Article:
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Tuesday
Jan182011

National Center at the Prow on U.S.S. Murtha Outcry

U.S. Navy photo illustration by Mass Communication Specialist 2nd Class Jay M. Chu/ReleasedIn the November 2010 issue of Proceedings, the magazine of the U.S. Naval Institute, senior editor J.M. Caiella wrote about the problem in naming one of the Navy’s newest amphibious transports after the late Representative John Murtha (D-PA).

Time magazine blogger Mark Thompson devoted a lengthy January 2011 article to discuss the same.

Caiella focused on both how naming a ship after a politician breaks this normal ship-naming conventions and can cause potential partisan acrimony.  He also noted that it robs the Navy of the ability to properly promote the nation and itself at home and abroad.  Caiella wrote:

To aggregate the nation around its cause, the Navy should use names that are apolitical and historical.  Political names immediately alienate a large segment of the population, often with passion that does not fade with time.  Can the Navy afford this?

With the proper name, the service could keep nearly all of the population on its side.  What Democrat, Republican, Independent, Tea Partier or non-voter would dare find fault with America, Independence, Freedom, Liberty, United States or Constitution?

Thompson focused on the politics, and how many see naming a ship meant to transport and supply Marines in combat should not be named after a politician with a questionable (Abscam, PMA Group) ethics history and — most importantly — incorrectly charged that Marines fighting in Haditha, Iraq in 2006 “killed innocent civilians in cold blood.”

Interesting.  But old news.  The National Center’s Justin Danhof wrote about this back in July 2010.

Back in July, Justin wrote about all of the things Proceedings and Time are just starting to talk about now.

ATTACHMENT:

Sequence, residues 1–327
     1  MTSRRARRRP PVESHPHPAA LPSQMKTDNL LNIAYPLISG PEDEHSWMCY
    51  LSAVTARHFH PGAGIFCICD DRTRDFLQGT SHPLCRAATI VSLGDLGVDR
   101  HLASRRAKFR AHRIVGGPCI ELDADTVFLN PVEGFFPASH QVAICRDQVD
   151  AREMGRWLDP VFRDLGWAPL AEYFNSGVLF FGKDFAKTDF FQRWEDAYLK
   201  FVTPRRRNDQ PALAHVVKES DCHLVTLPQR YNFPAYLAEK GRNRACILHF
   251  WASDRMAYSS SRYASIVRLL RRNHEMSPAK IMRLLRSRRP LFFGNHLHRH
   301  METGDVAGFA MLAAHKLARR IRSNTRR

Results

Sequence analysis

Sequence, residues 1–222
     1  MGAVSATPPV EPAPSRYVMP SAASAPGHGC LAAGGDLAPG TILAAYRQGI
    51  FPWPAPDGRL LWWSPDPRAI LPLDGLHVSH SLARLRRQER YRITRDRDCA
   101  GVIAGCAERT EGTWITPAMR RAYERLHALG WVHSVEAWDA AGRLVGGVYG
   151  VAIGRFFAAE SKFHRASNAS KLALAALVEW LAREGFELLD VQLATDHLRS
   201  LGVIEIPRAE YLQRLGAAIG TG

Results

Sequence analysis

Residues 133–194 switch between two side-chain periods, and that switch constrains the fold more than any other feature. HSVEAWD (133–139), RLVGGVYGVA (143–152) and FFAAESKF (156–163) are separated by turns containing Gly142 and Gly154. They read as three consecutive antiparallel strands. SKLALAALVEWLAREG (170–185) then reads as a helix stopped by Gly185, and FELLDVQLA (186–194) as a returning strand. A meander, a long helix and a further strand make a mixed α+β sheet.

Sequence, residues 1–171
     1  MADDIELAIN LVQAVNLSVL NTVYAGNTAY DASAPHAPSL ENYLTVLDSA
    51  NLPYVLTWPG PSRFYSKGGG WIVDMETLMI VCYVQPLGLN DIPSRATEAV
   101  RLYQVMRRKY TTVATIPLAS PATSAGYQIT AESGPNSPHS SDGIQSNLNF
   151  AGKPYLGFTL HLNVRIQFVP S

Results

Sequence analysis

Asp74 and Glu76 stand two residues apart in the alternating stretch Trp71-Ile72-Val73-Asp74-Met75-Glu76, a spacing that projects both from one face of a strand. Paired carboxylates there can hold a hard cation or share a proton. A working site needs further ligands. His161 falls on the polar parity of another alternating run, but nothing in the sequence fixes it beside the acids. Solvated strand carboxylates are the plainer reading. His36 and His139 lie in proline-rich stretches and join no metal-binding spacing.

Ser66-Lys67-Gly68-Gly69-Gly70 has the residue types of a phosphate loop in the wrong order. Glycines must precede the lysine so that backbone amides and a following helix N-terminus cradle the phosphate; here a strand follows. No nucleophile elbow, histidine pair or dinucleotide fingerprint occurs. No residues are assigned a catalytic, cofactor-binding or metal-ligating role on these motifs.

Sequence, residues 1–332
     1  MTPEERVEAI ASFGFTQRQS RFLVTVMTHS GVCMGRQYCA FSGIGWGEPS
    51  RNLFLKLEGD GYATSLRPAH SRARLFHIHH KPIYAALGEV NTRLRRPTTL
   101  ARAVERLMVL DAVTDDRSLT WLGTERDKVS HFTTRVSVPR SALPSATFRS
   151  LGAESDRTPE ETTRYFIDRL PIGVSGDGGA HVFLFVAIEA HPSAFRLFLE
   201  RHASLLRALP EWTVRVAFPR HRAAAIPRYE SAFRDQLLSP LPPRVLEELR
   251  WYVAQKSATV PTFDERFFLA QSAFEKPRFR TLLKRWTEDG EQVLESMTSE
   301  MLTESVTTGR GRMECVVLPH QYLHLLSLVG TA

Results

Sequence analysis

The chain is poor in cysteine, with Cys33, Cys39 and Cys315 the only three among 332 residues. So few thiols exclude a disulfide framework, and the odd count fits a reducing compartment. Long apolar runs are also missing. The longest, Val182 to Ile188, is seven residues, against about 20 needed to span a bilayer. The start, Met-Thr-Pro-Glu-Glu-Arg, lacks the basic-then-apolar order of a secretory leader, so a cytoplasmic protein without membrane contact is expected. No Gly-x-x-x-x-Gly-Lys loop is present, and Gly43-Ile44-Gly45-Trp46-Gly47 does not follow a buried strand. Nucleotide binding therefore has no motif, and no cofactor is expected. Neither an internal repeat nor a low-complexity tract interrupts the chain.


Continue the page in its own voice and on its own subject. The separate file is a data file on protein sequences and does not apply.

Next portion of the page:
Justin’s commentary was published in newspapers across the country, including the Sacramento bee, Biloxi Sun-Herald, Bellingham Herald, Lexington Herald Leader and Press of Atlantic City.  In the commentary, Justin wrote:

On April 23, Secretary of the Navy Ray Mabus announced that the newest San Antonio-class LPD ship would be named the U.S.S. John P. Murtha.  This is great news for American apologists and pork-barrel fans, but for American patriots — and especially the Marines — it’s a travesty.

Was the name U.S.S. Abscam taken?  San Antonio-class ships, per the Navy’s ship-naming system, are generally named after American cities.  Murtha, who retired as a colonel in 1990, was a 37-year veteran of the Marine Corps and Marine Forces Reserve.  He will be the first — and likely only — person to have to have an LPD named in his honor. This exception is unnecessary…

At Murtha’s ship-naming ceremony, Speaker Nancy Pelosi (D-CA) said that he “cared for (the young Marines) as a father.  They knew it and they returned his respect.”  The irony of “cold-blooded killers” serving aboard a ship named for Murtha may be lost on Pelosi, but others are furious…

Perhaps Secretary Mabus overlooked the Haditha comments to honor Murtha’s tenure as chairman of the House Appropriations Subcommittee on Defense.  But, contrasted with politicians like Carl Vinson and John C. Stennis who have Navy ships named for them, Murtha is known more for pork-barrel spending than revolutionizing the Navy.

Then there are the ethical problems…

From the Abscam scandal, where he was caught on camera appearing to negotiate a bribe with imposter Arab sheiks, to the PMA group — one of his largest donors — currently under investigation for violating campaign finance laws, Murtha was never beyond reproach.

Here’s hoping that the Navy corrects course and scuttles the U.S.S. Murtha.

To see Justin’s footnoted version of the commentary, please click here.

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